"The groundwork of all happiness is health." - Leigh Hunt

Mild cognitive impairment is underdiagnosed, based on research

October 25, 2023 – Most individuals with mild considering problems, which might be early signs of dementia, don’t receive a diagnosis during a primary care visit and should miss preventive treatments, based on researchers on the University of Southern California.

An estimated 99% of primary care physicians diagnose mild cognitive impairment (MCI), based on a knowledge evaluation of 200,000 primary care physicians by USC researchers. The most typical sign of MCI is forgetfulness, but mild personality changes and problems with efficiency or getting things done are other signs.

According to this, between 10 and 15% of individuals with MCI develop dementia yearly Alzheimer's Association.

“There are actually only a tiny fraction of physicians capable of diagnosing MCI who would detect these cases early enough for maximum therapeutic potential,” said researcher Soeren Mattke, MD, director of the Brain Health Observatory at USC, in a single opinion. “For MCI, which is caused by Alzheimer’s disease, the earlier you treat, the better the results. This means that even if the disease progresses slowly, every day counts.”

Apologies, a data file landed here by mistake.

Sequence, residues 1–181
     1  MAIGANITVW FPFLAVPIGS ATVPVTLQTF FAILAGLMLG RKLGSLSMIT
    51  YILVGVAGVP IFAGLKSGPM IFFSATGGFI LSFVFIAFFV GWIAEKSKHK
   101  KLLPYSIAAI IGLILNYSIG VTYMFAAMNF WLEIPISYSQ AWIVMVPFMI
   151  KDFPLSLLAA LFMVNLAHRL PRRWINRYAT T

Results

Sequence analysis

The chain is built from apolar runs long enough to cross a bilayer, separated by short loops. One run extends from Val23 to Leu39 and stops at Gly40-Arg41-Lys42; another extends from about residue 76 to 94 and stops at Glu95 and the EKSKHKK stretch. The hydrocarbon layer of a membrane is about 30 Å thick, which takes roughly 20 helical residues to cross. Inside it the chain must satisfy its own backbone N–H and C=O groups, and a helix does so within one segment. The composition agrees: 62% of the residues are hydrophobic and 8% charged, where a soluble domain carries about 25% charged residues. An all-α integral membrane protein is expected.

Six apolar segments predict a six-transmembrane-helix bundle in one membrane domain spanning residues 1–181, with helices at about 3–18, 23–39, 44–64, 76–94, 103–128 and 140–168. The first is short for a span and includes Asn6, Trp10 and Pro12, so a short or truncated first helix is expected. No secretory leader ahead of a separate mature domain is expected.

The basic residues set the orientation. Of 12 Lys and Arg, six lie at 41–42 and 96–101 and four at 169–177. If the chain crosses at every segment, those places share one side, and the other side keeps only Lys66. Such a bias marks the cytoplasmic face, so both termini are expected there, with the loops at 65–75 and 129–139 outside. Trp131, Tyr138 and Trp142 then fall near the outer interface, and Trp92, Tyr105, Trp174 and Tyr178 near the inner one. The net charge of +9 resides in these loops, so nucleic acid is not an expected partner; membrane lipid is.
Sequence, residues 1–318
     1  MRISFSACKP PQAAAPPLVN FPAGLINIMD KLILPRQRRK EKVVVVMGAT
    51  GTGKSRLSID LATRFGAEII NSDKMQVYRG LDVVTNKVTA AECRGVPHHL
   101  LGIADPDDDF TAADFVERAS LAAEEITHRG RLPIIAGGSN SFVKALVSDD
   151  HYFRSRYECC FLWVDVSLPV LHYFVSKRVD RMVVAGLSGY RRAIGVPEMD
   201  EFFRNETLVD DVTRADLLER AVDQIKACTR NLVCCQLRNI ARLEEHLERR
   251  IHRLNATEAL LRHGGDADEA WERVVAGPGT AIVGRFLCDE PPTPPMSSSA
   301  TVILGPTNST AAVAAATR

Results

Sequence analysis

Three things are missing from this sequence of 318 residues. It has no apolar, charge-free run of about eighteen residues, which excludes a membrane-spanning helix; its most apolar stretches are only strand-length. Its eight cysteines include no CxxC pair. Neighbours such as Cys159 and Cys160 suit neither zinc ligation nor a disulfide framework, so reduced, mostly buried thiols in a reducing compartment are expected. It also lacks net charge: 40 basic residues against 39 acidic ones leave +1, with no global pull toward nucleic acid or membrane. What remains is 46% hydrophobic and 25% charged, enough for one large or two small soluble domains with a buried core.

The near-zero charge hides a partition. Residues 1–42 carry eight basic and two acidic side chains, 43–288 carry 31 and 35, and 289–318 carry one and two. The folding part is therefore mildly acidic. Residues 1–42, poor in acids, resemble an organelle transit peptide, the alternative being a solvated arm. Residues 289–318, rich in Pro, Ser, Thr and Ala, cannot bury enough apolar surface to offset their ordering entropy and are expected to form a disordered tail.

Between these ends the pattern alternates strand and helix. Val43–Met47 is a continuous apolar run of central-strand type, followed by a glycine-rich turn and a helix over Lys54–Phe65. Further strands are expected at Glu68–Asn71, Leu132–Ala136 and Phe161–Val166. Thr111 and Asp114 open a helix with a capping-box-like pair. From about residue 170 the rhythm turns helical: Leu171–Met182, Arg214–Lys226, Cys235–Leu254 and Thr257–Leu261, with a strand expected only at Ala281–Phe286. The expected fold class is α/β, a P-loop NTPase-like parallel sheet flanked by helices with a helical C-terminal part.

The research will appear within the Journal of Alzheimer's Disease Preventionsays a press release from the university.

The lack of a diagnosis could also be attributable to someone not noticing their very own decline and subsequently not bringing it up during a visit. The signs could also be so subtle that a physician may not notice them, or there will not be enough time during a visit to debate or assess brain health, based on the USC study summary.

A separate evaluation published Last summer, it was estimated that 7.4 million individuals with MCI within the United States remain undiagnosed, meaning that only 8% of individuals with MCI are aware that they might be in danger or further cognitive decline, and are in search of options can try to forestall this.